A circulating malicious spam campaign attempts to trick T-Mobile customers into thinking that they’ve received a password-protected MMS. However, once gullible and socially engineered users execute the malicious attachment, they automatically compromise the confidentiality and integrity of their PCs, allowing the cybercriminals behind the campaign to gain complete control of their PCs.
Posts Tagged: Malicious Software
The emergence and sophistication of DIY botnet generating tools has lowered the entry barriers into the world of cybercrime. With ever-increasing professionalism and QA (Quality Assurance) applied by cybercriminals, in combination with bulletproof cybercrime-friendly hosting providers, these tactics represent key success factors for an increased life cycle of any given fraudulent/malicious campaign. Throughout the years, we’ve witnessed the adoption of multiple bulletproof hosting infrastructure techniques for increasing the life cycle of campaigns,with a clear trend towards diversification, rotation or C&C communication techniques, and most importantly, the clear presence of a KISS (Keep It Simple Stupid) type of pragmatic mentality; especially in […]
The perceived decline in the use of blackhat SEO (search engine optimization) tactics for delivering malicious/fraudulent content over the last couple of years, does not necessarily mean that cybercriminals have somehow abandoned the concept of abusing the world’s most popular search engines. The fact is, this tactic remains effective at reaching users who, on the majority of occasions, trust that that the search result links are malware/exploit free. Unfortunately, that’s not the case. Cybercriminals continue introducing new tactics helping fraudulent adversaries to quickly build up and aggregate millions of legitimate visitors, to be later on exposed to online scams or directly […]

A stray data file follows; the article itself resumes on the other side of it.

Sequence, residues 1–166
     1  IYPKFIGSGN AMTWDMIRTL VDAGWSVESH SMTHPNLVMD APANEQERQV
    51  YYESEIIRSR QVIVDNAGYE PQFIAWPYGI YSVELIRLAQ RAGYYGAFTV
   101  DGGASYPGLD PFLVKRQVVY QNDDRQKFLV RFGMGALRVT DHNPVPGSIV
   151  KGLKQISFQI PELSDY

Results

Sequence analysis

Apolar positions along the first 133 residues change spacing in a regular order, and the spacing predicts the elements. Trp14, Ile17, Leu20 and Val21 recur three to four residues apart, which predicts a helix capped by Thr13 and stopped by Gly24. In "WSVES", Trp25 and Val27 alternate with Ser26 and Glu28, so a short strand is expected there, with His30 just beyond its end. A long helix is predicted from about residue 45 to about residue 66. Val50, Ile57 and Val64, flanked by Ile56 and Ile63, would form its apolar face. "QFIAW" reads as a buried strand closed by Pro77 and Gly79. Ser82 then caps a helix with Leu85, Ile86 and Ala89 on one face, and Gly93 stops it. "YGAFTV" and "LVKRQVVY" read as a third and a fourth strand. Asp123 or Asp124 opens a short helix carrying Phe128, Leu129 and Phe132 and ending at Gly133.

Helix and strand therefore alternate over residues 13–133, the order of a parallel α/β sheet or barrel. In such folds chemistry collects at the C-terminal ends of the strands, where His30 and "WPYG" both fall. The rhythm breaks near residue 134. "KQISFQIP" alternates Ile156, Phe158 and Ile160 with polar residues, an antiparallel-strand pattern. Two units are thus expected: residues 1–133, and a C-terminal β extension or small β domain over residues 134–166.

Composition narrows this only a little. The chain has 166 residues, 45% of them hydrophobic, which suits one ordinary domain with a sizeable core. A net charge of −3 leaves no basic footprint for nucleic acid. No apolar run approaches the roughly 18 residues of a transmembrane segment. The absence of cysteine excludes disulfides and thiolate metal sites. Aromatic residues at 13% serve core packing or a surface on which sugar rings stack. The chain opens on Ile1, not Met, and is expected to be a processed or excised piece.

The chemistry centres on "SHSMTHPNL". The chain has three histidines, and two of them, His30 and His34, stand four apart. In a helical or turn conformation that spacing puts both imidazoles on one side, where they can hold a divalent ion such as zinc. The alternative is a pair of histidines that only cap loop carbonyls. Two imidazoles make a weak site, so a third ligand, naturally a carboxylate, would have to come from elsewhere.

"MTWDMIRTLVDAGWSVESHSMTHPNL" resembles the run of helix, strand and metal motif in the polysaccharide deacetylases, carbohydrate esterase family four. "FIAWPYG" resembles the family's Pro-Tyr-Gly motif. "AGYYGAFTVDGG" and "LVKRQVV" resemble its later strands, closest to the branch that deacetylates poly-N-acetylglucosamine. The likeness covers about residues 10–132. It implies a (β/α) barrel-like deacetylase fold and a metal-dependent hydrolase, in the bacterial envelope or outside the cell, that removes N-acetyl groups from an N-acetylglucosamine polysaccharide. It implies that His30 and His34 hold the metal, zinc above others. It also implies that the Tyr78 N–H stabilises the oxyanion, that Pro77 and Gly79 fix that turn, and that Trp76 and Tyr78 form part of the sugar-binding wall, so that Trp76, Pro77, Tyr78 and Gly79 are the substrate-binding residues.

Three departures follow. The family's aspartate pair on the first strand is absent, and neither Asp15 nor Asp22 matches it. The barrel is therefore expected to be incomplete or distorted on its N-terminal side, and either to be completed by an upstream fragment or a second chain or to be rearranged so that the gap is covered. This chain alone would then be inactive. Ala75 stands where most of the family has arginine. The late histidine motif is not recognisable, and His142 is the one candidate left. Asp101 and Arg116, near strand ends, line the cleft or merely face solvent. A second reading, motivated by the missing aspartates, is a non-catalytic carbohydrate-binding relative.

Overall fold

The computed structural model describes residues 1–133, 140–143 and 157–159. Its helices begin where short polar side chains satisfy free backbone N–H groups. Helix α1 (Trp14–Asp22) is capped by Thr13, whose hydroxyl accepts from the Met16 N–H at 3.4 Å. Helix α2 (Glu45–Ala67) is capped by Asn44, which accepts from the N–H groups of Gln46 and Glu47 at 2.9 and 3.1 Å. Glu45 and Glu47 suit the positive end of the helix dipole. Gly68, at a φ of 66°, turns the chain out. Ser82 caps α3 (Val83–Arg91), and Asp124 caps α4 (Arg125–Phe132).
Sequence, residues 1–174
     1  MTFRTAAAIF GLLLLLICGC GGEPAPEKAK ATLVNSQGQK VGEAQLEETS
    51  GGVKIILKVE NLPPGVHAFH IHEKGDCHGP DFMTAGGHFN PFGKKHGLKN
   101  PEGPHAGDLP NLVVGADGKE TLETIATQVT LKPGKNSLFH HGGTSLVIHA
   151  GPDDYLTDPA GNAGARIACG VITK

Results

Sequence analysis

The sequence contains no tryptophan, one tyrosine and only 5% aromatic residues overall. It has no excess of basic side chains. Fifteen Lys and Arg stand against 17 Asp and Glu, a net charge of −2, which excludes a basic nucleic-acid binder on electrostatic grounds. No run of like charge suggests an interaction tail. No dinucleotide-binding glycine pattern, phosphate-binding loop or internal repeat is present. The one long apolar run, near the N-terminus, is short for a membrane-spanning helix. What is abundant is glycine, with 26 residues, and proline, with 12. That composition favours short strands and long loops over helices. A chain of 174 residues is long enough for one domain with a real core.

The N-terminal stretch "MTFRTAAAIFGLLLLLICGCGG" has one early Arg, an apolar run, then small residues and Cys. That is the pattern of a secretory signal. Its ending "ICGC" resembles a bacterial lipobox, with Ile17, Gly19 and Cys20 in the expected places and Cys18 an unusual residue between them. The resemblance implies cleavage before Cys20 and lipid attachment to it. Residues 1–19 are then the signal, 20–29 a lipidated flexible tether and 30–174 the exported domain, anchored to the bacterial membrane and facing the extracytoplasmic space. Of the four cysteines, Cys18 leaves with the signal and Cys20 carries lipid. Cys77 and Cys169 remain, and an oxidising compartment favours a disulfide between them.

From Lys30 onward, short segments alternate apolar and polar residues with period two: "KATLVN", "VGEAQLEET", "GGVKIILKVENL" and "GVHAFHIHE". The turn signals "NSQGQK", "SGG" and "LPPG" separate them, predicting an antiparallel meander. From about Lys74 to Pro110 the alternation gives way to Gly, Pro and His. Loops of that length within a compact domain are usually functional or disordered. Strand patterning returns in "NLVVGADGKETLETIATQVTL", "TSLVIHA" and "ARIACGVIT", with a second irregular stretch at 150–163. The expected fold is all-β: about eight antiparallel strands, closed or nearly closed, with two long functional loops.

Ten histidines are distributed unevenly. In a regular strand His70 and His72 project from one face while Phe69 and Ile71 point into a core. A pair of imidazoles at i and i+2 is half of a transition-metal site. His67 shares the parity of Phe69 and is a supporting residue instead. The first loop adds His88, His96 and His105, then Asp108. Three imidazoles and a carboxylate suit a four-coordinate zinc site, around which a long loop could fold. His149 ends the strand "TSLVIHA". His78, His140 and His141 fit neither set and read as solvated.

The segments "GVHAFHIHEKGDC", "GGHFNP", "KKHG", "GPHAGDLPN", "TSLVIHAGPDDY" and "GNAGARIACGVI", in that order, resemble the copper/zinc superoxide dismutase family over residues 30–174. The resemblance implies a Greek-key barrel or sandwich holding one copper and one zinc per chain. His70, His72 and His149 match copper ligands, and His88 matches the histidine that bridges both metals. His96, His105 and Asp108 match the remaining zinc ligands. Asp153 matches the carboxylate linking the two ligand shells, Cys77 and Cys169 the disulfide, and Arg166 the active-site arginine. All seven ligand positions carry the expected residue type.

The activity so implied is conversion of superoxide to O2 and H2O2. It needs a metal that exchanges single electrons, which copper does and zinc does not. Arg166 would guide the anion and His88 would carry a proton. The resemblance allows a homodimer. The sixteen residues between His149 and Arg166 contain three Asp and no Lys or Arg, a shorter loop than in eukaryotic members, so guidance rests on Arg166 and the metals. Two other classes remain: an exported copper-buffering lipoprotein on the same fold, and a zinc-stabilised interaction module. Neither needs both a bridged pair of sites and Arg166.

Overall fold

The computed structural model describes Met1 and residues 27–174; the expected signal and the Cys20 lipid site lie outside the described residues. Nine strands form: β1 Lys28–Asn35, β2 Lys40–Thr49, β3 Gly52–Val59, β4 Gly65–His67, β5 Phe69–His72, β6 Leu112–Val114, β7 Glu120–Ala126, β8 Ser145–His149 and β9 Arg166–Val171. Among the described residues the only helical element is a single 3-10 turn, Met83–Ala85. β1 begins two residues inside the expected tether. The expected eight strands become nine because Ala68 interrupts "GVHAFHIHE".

Cybercriminals are mass mailing tens of thousands of malicious Federal Deposit Insurance Corporation (FDIC) themed emails, in an attempt to trick users into clicking on the client-side exploits serving and malware dropping URLs found in the bogus emails. Let’s dissect the campaign, expose the portfolio of malicious domains using it, provide MD5s for a sample exploit and the dropped malware, as well as connect the campaign with previously launched already profiled malicious campaigns.
Today’s modern cybercrime ecosystem offers everything a novice cybercriminal would need to quickly catch up with fellow/sophisticated cybercriminals. Segmented and geolocated lists of harvested emails, managed services performing the actual spamming service, as well as DIY undetectable malware generating tools, all result in a steady influx of new (underground) market entrants, whose activities directly contribute to the overall growth of the cybercrime ecosystem. Among the most popular questions the general public often asks in terms of cybercrime, what else, besides money, acts as key driving force behind their malicious and fraudulent activities? That’s plain and simple greed, especially in those […]